"I was like, 'Well, if this guy wears that shirt, then he wears this shirt that I happened to find at Goodwill," explains Wagner. "Taylor was like, 'Oh my God, I love this shirt. It's amazing. There's my character.'"
Wagner also faithfully recreated some looks, like the aforementioned rainbow shirt and Kitsch's saggy, retro sweats, which he wears in running scenes. (They're a far cry from the snug football pants Kitsch wore for hungover practice at Dillon High.) "It was funny because he put 'em on — and he was used to looking hot — and basically I said, 'Try these on, they're '80s. They're backdated," laughs Wagner. "And he put them on and he started laughing. 'Whoa, dude, really? Whoa.' And he went, 'But they're right, aren't they?'"
Since Wagner and Kitsch already had an established working relationship, their collaboration was a breeze. "I think we were so on the same page because he trusted me from 'Friday Night Lights' — I had set that iconic look," she says. "I was like, 'You're going to wear these untucked cowboy shirts and these jeans that are a little too tight because you're a little insecure, and you're going to wear these great cowboy boots because they make you feel manly. It was one of his first acting roles, and that became iconic."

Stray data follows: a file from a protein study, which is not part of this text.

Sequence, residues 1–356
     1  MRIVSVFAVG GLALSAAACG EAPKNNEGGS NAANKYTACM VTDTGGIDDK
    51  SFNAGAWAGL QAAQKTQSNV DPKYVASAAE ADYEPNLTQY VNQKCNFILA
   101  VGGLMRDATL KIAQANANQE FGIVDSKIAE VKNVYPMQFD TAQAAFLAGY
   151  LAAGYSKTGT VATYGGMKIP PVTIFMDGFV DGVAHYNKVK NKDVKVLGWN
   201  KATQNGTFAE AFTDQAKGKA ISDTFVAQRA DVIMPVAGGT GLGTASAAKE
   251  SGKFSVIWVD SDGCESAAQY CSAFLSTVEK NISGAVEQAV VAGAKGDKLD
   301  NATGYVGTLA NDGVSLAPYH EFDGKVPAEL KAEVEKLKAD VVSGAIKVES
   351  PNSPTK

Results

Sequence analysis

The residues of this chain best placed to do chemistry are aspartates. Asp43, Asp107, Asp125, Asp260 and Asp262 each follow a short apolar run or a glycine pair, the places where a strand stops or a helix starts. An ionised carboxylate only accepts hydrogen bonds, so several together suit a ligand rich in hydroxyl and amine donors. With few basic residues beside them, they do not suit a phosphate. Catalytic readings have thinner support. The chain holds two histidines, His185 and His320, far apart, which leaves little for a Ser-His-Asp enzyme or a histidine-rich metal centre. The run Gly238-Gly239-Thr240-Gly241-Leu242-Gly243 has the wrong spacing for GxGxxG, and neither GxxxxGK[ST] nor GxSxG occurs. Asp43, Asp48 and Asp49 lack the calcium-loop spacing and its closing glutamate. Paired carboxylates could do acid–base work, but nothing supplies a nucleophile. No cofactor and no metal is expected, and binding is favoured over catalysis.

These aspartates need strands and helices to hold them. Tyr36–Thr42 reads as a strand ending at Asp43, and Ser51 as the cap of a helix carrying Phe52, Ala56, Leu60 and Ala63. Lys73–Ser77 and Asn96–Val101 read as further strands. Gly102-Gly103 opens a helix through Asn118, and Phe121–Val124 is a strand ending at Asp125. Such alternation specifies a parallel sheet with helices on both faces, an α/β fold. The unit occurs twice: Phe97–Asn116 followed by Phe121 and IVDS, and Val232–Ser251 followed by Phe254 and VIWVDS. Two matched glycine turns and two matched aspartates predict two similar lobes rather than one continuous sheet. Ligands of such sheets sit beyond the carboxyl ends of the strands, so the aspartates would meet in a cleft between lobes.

Wagner also introduced Kitsch to the "deep-holed tank top," which the real-life Koresh favored and wore frequently. The dedicated Kitsch, who lost 30 pounds of bulk and memorized Koresh's body language, was obviously game, but not without an initial chuckle.
"I'm making the 'icky face' as I'm handing [the tanks] to him because they're so ugly, and he just started laughing," she says. "That was the funny thing," continues Wagner, who also costume-designed another iconic tank top moment for Ryan Gosling in "The Notebook." "We could only find one that fit just the way we really wanted it to fit because even within that ugliness, there was fitting-ugliness and non-fitting-ugliness. So, we patterned it and made like, six of those tank tops."
Determining the perfect wire-framed aviators glasses for the period was a multi-person effort from Wagner, the props department, the Dowdles and even Kitsch himself. Of course, we can't talk about Kitsch's full transition into Koresh without mentioning his spectacular mullet created by hair stylist Audrey L. Anzures. The choppy business-in-the-front and shaggy party-in-the-back pièce de resistance was integral to the role.
To accurately mimic Koresh's distinctive rough-and-wild 'do, the Emmy-nominated Anzures went through "three stages of hair pieces for Taylor," she explains via email. Anzures admits that it was one of the most difficult and challenging projects she's ever encountered. "The mullet started out with a piece that was made and colored to be incorporated through his own hair. Eventually, as his hair grew, I was able to modify another piece so that it appeared to not only grow longer, but also go through the various stages of peril he experienced," says Anzures.
Upon first seeing himself in his precise Koresh extensions, Kitsch — who, at the "Waco" premiere, did admit to missing his mullet — replied, "Spot on."
Follow Karyn Wagner on Instagram at @karynwagner. "Waco"'s third episode airs on Wednesday, Feb. 7 at 10 p.m. on Paramount Network.